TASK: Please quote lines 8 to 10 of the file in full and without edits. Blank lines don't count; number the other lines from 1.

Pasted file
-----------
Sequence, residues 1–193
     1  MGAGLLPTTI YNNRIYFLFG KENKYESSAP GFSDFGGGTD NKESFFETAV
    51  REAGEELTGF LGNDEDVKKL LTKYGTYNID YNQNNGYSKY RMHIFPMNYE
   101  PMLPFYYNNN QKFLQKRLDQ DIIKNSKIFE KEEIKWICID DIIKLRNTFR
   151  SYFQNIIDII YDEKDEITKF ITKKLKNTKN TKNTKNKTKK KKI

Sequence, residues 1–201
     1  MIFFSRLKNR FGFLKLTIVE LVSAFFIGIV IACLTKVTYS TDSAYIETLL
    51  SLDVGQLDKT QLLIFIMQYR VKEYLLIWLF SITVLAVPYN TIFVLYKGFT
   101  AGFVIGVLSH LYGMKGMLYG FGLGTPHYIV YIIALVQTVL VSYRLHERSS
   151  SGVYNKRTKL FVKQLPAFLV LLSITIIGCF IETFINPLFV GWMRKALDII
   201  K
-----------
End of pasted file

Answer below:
    51  SLDVGQLDKT QLLIFIMQYR VKEYLLIWLF SITVLAVPYN TIFVLYKGFT
   101  AGFVIGVLSH LYGMKGMLYG FGLGTPHYIV YIIALVQTVL VSYRLHERSS
   151  SGVYNKRTKL FVKQLPAFLV LLSITIIGCF IETFINPLFV GWMRKALDII